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Switched At Birth: “Prudence, Avarice, Lust, Justice, Anger”

Illustration for article titled Switched At Birth: “Prudence, Avarice, Lust, Justice, Anger”
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We’re at that point in the Switched At Birth season where a whole mess of plot is barreling down the pipeline in a race toward the finale, and all we can do is just hold on and take it all in. “Prudence, Avarice, Lust, Justice, Anger” is an appropriately wordy episode title for an episode completely stuffed with, well, stuff. It’s a hodgepodge of an episode, but there are some gems buried within the glut.

Sneakily hidden amidst all that stuff is a small but quietly powerful story about deaf identity. It starts as a somewhat rote but nicely observed story about Melody’s forays into online dating. While the deaf teen characters have easily found multiple love interests, Melody’s love life has been much quieter, and with good reason: As a deaf, middle-aged divorcee, her dating pool in a medium-sized city like Kansas City is practically non-existent. She’s constantly swimming upstream in everything she does, and dating is no different, and it’s nice to see that acknowledged here.

The interesting way Melody’s story unfolds and slowly turns into a story that encompasses her whole family feels like the kind of natural evolution that would happen within a family unit. Melody starts dating, her date goes poorly so she yells at Emmett for not spending time with his father, when Emmett resists her attempts to get him to connect with his father Melody goes to Cameron to find out what’s happening in their relationship, and from there the discussion turns into a thoughtful, meaningful treatise on Cameron’s insecurities about his decision to get a Cochlear implant. What’s great about it is that although Cameron knows Melody doesn’t necessarily agree with the decision, she gives him great advice about it being his decision alone, not Emmett’s, and then leaves him to figure it out for himself. I love these little moments.

This story, while lovely and thoughtful, really was only a small runner throughout an episode dominated by Daphne’s relationship with Jace and Angelo’s quest to get his baby back. The better story of the two was Angelo and Bay’s trip to visit his baby Abby and her new family, with Ty tagging along for the ride. It’s a bit clumsily rendered, but while the trip reinforces Angelo’s commitment to fight for custody of his daughter in court, all it does for Bay is bring back painful memories of feeling disassociated from her own family growing up, but getting through it because of her very loving parents. For all Bay talks a good game about Angelo’s commitment to being a father, there’s still an element of “I don’t know this guy” to her dealings with him, and they definitely color her opinion about what he should do with Abby.

As for Daphne’s relationship with Jace, it continues to concern me. Not necessarily because of the content of the relationship itself—Jace is much kinder and has dropped the condescension, for the most part—but because of how she acts when she’s around him. Parker, the intern Senator Coto had an affair with, pops back up with concerns she is pregnant with his baby, and although Daphne is sufficiently horrified and supportive of the girl, Jace immediately turns it into an opportunity to manipulate Coto, and Daphne goes along with it. In essence, they blackmail Coto into dropping his support of the abstinence-only bill in exchange for keeping quiet about his affair with Parker, and the entire situation sits really uneasily. This is mostly due to the fact that by showing Daphne and Jace’s celebration over getting their way in politics it feels as if the show is almost endorsing what they did, when what they did was pretty darn horrible. Politics is politics, but this was just plain dirty pool, and I hope Daphne comes to her senses.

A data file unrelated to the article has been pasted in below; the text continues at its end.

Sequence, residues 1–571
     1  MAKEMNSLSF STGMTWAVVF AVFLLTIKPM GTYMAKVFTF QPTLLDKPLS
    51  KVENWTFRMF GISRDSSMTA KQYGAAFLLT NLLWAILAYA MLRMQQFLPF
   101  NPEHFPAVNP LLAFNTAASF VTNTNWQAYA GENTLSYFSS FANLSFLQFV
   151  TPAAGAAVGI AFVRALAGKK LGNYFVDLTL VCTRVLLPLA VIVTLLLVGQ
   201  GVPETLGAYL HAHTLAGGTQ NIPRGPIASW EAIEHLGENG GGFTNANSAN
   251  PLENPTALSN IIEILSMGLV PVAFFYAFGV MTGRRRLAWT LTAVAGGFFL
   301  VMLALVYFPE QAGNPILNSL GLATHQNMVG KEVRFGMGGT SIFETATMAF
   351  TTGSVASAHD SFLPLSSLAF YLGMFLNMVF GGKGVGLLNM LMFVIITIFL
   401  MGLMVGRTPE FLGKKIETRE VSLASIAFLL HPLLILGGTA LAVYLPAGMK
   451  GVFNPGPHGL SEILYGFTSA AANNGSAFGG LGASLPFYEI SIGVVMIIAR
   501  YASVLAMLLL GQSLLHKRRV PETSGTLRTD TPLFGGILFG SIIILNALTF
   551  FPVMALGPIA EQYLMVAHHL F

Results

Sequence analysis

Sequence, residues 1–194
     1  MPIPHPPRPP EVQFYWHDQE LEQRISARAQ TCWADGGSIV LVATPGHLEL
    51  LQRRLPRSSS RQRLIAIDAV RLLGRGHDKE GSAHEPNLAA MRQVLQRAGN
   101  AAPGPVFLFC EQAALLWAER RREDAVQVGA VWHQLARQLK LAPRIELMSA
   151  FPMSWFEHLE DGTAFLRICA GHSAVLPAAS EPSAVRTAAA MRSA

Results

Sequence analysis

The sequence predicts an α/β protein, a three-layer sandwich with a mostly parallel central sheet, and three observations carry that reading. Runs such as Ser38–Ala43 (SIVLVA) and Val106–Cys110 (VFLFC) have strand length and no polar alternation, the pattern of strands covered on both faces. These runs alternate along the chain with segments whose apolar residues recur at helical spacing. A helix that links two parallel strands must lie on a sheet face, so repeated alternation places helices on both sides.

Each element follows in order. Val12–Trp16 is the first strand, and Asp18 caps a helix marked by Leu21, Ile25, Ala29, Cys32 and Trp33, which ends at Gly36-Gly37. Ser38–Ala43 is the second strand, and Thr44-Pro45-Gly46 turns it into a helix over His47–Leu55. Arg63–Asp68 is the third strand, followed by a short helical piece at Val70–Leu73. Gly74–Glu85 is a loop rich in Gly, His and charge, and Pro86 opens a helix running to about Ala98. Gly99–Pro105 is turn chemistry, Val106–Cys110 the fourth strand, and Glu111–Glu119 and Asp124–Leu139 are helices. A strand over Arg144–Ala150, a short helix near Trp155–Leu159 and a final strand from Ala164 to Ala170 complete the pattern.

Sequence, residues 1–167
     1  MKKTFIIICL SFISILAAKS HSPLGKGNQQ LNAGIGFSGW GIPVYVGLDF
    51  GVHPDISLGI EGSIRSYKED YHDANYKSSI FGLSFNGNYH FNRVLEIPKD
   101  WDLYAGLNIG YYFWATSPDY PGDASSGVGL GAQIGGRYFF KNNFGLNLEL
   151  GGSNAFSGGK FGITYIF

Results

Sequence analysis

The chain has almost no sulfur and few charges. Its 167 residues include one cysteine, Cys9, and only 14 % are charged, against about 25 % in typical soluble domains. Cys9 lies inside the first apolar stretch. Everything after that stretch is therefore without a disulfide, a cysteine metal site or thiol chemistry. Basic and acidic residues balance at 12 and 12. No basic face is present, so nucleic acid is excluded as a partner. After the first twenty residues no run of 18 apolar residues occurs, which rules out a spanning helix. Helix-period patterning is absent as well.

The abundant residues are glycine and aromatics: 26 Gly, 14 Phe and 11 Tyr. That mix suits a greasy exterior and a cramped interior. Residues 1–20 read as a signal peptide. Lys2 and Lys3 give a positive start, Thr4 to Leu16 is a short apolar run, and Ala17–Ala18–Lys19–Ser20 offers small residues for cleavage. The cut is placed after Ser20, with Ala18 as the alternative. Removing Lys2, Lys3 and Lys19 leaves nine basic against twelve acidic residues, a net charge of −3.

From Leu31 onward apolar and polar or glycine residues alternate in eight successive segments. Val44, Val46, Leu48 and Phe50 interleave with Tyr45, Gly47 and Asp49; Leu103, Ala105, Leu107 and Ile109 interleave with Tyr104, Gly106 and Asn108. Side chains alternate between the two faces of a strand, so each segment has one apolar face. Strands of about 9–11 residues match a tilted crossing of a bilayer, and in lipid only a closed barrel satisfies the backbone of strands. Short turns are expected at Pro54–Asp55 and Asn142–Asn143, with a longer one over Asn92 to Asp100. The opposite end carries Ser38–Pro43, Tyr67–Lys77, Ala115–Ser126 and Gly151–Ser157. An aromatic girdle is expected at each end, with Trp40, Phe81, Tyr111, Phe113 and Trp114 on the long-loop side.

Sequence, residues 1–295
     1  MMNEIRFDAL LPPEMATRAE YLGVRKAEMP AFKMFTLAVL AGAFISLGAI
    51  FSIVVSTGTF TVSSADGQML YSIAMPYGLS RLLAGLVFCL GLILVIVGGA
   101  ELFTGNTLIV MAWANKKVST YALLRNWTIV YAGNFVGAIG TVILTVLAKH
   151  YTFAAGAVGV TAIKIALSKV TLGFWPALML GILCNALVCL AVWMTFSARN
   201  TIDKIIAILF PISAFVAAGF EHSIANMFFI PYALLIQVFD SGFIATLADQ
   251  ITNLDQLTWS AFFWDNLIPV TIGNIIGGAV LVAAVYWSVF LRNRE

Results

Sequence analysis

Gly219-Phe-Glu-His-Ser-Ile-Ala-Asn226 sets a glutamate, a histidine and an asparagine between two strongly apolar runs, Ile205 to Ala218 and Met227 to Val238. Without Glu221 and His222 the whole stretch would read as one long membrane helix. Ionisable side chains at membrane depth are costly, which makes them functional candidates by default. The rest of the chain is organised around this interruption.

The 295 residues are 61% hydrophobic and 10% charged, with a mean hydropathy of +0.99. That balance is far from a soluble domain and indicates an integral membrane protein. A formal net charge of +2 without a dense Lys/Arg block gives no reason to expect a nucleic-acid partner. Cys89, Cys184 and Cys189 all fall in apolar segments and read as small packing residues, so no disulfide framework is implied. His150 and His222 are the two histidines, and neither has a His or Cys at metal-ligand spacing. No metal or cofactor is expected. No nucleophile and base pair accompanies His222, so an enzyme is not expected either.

Toby’s arc this season continues to develop in a kind of compelling, non-linear way, as he once again starts to bridle against the restraints his impending marriage is putting on his freedom. This week’s lesson comes in the form of Simone, who makes a welcome return—which is something I never thought I would say, honestly—to make Alcohol Anonymous-prompted amends for how she hurt him by sleeping with Emmett. Their history gives Toby a nice, solid person to bounce his fears about his relationship off of, and Simone helps him recapture some of the “old Toby” by getting him a gig at her uncle’s bar. Although Toby’s arc has been all over the place this season, what’s nice about it is that it almost has the same searching, lost quality someone in his situation in real life would have as they fumble their way towards maturity. Toby obviously loves Nikki and never wavers in wanting to marry her, but there are inherent issues there they both need to deal with before they take the plunge.


The only thing that ruins it here is more dreaded plot: The man who murdered Nikki’s father has been caught and it has left her understandably upset. Those two kids probably had enough to deal with without this wrinkle, but I must admit it might very well be interesting to see their relationship put to a real, tangible test.

Stray observations:

  • Carrie Wikis Some Art: Prudence, Avarice, Lust, Justice, Anger, Jack Beal, 1977, oil on canvas.
  • Daphne. Never wear that horrible bathing suit again.
  • The one bit I did like from Daphne’s story tonight was her mention of Chef Jeff and how the mistakes she made in that relationship make her more sympathetic to the mistakes Parker made with Coto. Growth!
  • The return of Emmett and Travis’ summer shenanigans! I missed their dynamic greatly. More like this, please.
  • Melody: “I can’t believe I’m putting myself online like a used couch.”